While dancing, I experienced flow. I loved the feeling of being immersed in the music and the movement of my body. I found that through my emotions and will, I could perform 100 times better. There was one particular month, when I became obsessed with Michael Jackson- his music as well as his moves. I’d listen to In the Closet, Beat it, Dangerous, Dirty Diana, Billy Jean all day and all night. I’d transpose the routines I had learnt in class on his music when at home. I also wrote a poem appreciating him and his talent on my facebook notes.

Dancing also exposed me to different genres and styles of music. It taught me to look at music in a different way. For example, I could feel and understand the beats, chorus, dynamics of songs much better. Apart from playing pop or hip-hop songs in the studio, they sometimes also played Santana and Queen, at least during our warm-up sessions. Being a huge fan of classic rock, I’d consider myself very lucky every time they did so. The studio also introduced me to varying genres, like downtempo (since they played a lot of Pretty Lights and Tosca) and 80s hip-hop (C&C Music factory, Vanilla Ice).

Not only that, I felt like I finally had a passion and purpose in life. The feeling of knowing that you really love and enjoy something empowered me. I knew I could turn to dancing every time I felt low. This made me feel safe and cling to my classes even more. I even secretly judged people who made excuses for missing classes, or came to class just for the sake of it.

I struggled quite a bit to continue going for my classes. I had to always look for someone to car-pool with.  Finding people who lived close-by and who were okay with me depending on them to attend class was very tough. They had to bear with the disappointment I had in my voice every time they had some other commitment and couldn’t make it to class or were taking some different route while coming from somewhere else. I often even had to lie to my parents about coming with someone when I was actually taking an auto back (I only did this after I was 14).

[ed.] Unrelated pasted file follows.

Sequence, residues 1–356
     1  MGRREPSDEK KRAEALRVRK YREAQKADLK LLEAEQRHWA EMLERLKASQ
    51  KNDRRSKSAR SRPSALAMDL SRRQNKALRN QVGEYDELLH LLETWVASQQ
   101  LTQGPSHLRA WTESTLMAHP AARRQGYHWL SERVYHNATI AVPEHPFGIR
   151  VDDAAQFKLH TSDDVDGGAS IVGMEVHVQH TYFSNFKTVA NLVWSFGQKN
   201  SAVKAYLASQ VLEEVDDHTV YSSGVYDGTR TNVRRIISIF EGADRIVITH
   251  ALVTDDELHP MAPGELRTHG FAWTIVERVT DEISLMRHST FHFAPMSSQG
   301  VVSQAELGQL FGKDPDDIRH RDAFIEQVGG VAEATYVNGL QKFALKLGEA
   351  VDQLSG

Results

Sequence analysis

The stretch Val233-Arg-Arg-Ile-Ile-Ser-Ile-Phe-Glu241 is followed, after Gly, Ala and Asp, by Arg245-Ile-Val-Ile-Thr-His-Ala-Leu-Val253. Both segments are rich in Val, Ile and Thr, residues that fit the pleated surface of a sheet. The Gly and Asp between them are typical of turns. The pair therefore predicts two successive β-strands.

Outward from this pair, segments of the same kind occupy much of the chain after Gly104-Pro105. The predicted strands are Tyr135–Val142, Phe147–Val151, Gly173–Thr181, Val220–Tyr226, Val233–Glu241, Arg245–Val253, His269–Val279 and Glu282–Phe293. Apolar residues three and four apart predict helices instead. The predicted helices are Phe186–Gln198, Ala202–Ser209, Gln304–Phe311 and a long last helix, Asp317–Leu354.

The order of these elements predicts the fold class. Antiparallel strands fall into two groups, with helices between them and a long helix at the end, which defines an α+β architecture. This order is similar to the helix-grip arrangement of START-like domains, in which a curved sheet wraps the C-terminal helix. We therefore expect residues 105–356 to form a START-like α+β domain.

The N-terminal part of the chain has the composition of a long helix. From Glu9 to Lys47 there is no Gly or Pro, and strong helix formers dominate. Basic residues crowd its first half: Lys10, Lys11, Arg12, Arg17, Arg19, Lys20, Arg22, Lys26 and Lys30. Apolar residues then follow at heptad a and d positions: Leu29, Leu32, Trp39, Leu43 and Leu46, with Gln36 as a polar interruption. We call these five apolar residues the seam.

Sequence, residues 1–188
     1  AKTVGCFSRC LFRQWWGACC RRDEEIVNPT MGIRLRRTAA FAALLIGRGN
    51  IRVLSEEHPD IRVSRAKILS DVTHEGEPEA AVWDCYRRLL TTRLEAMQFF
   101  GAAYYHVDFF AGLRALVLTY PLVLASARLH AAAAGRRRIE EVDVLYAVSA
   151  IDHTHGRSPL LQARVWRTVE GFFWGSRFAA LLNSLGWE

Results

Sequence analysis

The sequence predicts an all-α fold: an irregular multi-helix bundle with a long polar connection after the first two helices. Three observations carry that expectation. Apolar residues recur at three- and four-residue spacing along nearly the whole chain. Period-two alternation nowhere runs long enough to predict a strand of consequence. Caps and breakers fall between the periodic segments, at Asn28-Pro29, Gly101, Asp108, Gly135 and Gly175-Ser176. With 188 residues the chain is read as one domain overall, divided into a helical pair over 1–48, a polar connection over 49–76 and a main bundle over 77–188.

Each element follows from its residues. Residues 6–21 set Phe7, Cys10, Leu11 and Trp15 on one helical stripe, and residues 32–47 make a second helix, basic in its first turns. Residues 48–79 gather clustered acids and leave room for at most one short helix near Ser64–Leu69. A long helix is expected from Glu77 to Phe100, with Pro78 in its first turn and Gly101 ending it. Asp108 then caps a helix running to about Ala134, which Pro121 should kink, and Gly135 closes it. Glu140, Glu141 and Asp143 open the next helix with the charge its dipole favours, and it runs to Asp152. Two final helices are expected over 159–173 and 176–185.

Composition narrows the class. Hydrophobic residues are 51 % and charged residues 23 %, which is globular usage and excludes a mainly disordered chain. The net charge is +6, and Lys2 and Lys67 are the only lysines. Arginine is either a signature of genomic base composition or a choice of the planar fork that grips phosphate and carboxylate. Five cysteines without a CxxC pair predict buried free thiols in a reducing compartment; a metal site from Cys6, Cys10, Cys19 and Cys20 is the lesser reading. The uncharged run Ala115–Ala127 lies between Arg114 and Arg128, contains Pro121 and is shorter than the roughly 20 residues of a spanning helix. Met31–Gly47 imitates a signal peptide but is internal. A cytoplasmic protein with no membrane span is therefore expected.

I enjoyed dancing so much, that I often even considered taking it up professionally. Either way, I swore to never leave my dance classes, for they were so much fun and taught me so much. I didn’t want to lose further scope of transforming and growing. I didn’t want this to become just “one of those hobbies people get over when they grow up”. I could do anything to preserve this passion of mine. It was my “secret shifter”. It elevated my mood and helped me attract so many of my desires.

I wanted to take my passion forward, for example do the probationing program that required me to do 50 hours a month, and train to become an instructor myself. But again, issues like transport and my parent’s disapproval came in the way. They wanted me to focus on getting better grades at school. This is also the post U.S time when I was going through several different issues in my personal and school life.

Due to further developments in the next few years, I ended up losing my passion for dance, which was very painful because I felt like I was losing a part of my self. You can read about that phase here.